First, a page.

Feb 28, 2024 - Business

Exclusive: Goldman Sachs reaches 15,000 small businesses

Illustration of a pattern of stacks of money.

Illustration: Shoshana Gordon/Axios

More than 15,000 small businesses have been helped though Goldman Sachs' 10,000 Small Businesses philanthropic program, the company tells Axios exclusively.

Why it matters: Entrepreneurship has boomed since the pandemic — as have obstacles to operate.

State of play: There was a record-breaking 5.5 million new business applications filed in 2023, according to government data.

  • Some of the highest growth have been in less densely populated states including Colorado, Iowa, North Dakota and South Dakota, Wyoming, Montana, Maine and Kentucky.

Simultaneously, small business owners are also being squeezed by higher borrowing costs and are struggling to find workers.

  • "A business owner on Friday said 'I had an open position [that] normally years ago I would have had 70, 80 applicants — I got three — and by the way, two of them want to work remotely,'" Asahi Pompey, president of the Goldman Sachs Foundation, tells Axios.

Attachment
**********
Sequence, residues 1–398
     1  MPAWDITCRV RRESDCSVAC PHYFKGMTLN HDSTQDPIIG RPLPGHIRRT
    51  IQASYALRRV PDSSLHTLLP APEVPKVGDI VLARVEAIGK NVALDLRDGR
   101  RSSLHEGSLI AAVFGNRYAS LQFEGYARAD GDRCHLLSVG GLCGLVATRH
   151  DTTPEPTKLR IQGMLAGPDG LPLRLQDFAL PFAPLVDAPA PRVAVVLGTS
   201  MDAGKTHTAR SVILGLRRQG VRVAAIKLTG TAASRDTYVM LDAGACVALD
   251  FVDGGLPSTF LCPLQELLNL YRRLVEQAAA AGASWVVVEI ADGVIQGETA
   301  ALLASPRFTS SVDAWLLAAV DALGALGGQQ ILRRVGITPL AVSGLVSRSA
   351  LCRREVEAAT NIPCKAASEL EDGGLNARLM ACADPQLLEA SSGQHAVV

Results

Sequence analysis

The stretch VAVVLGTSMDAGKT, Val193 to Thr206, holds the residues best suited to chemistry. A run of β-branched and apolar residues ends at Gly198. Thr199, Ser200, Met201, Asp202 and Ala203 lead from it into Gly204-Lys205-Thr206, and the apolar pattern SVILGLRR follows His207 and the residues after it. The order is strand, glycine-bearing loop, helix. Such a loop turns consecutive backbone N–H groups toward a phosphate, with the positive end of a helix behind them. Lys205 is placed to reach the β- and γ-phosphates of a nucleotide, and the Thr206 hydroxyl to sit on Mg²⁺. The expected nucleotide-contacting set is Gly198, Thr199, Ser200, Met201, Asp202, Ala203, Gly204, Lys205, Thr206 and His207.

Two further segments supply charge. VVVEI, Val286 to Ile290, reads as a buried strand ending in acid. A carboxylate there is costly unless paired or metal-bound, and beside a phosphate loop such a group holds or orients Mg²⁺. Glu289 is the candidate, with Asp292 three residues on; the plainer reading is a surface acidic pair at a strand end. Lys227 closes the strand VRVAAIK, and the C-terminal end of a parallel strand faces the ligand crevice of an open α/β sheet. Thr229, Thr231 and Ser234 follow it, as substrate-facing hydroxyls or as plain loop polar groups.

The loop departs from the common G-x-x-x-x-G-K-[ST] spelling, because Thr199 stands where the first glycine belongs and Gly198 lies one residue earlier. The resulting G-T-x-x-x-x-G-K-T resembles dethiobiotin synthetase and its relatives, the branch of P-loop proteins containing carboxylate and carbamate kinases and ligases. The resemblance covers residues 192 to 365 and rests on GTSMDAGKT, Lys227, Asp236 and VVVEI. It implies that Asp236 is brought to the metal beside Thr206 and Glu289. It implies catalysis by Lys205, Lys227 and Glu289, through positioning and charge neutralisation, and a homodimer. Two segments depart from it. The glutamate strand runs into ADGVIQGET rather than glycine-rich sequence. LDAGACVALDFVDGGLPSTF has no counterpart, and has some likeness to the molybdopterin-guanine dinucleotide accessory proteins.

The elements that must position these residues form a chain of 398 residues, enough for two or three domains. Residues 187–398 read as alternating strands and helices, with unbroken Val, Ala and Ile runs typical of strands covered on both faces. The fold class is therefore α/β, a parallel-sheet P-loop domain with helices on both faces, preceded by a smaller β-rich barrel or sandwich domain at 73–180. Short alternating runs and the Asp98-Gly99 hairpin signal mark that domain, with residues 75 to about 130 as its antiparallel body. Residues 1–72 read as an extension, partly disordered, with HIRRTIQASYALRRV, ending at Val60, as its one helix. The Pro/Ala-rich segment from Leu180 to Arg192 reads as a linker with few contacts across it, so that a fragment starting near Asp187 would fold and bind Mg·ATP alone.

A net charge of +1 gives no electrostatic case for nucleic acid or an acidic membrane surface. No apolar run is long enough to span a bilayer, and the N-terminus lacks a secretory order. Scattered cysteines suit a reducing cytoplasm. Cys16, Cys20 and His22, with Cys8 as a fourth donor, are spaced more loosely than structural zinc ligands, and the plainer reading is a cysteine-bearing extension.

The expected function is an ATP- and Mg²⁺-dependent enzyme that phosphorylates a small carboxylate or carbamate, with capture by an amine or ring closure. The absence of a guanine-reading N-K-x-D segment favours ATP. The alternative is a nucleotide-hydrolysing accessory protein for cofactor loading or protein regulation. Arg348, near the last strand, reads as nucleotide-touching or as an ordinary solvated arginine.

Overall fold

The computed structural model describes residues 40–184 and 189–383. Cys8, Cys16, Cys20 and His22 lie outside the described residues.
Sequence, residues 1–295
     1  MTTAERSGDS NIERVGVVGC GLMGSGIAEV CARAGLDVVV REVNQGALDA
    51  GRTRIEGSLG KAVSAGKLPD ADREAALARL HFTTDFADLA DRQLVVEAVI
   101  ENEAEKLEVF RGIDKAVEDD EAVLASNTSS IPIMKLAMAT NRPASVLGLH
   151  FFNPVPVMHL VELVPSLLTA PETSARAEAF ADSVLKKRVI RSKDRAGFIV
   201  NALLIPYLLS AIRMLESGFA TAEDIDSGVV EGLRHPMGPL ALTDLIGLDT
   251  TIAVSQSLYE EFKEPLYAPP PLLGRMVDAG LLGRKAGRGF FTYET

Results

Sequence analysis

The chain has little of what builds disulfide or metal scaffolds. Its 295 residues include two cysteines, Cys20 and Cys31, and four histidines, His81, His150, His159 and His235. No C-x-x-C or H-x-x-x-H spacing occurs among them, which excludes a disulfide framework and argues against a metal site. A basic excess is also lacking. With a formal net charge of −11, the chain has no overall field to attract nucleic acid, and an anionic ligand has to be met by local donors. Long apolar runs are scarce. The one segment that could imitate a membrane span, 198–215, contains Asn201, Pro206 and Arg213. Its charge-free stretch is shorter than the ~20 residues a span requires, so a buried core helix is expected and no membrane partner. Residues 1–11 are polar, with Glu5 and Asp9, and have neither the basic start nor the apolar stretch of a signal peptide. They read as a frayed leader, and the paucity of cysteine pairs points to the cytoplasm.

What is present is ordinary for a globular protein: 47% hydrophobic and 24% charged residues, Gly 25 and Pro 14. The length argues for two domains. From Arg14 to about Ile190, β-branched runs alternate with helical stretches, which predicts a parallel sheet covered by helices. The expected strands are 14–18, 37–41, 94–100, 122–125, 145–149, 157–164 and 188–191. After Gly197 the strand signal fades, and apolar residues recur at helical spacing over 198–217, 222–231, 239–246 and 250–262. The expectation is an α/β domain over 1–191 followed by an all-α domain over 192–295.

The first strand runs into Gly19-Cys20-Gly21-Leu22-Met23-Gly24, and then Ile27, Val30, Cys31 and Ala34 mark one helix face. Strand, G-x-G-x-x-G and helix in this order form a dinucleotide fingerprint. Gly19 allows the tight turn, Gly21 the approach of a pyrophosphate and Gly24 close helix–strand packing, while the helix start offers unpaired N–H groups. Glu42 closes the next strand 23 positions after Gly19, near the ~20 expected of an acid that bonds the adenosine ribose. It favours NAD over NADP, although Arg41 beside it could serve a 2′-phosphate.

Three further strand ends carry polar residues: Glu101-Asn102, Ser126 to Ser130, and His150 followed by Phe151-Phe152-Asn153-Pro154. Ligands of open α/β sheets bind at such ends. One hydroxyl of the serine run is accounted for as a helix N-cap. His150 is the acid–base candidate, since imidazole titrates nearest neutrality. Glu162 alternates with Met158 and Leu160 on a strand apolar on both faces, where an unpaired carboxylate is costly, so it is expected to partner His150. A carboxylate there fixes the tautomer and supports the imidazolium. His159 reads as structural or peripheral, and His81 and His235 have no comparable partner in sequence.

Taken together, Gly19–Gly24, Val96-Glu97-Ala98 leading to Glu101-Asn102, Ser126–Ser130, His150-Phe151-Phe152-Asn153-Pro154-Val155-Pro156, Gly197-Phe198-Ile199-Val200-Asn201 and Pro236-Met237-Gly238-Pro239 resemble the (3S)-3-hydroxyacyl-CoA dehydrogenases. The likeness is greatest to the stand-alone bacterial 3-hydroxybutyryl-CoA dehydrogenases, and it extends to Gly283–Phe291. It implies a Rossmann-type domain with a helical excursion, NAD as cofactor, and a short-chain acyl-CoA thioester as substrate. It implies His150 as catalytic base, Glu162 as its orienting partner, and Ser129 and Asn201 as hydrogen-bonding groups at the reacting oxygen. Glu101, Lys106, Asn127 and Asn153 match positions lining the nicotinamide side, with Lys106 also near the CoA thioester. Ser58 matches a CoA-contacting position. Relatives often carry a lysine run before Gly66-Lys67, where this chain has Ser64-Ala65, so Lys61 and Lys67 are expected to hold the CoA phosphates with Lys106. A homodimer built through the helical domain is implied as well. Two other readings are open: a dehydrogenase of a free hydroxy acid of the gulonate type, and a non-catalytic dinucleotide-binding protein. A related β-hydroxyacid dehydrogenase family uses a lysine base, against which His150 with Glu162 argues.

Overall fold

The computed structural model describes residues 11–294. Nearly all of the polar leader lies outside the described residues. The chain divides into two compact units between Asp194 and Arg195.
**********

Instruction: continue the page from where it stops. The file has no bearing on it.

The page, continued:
By the numbers: The more than 15,000 businesses — operating for at least two years with at least $75,000 in revenue in one of the years — span across a wide range of industries and employ more than 281,000 people.

  • The program, which aims to provide small businesses with access to education, capital and support services, hit the 10,000 mark in November 2020.
  • Goldman has set a new target to reach 20,000 small businesses with $750 million committed. It declined to comment on how much has been used to date.

Zoom in: Business owners most frequently want to learn more about how to understand the financials of their business, about negotiating interest rates on loans and new technologies, including AI.

  • "We've added more on AI to our curriculum," Pompey notes, as 56% of the program's small businesses are already using ChatGPT and other tools to help them automate tasks like data analysis.

The big picture: The goal of the program, Pompey says, is not to convert businesses into customers.

  • "We know that when small businesses thrive, that leads to broader economic growth — so that's our motivation."

Fun fact: Goldman Sachs says there are no plans as of now to change the name of its program.

What we're watching: A lack of access to childcare is becoming a bigger problem for growing the labor pool outside metropolitan areas.

  • When workers have to weigh driving back and forth for hours for daycare, it becomes a hindrance to hiring, Pompey adds.
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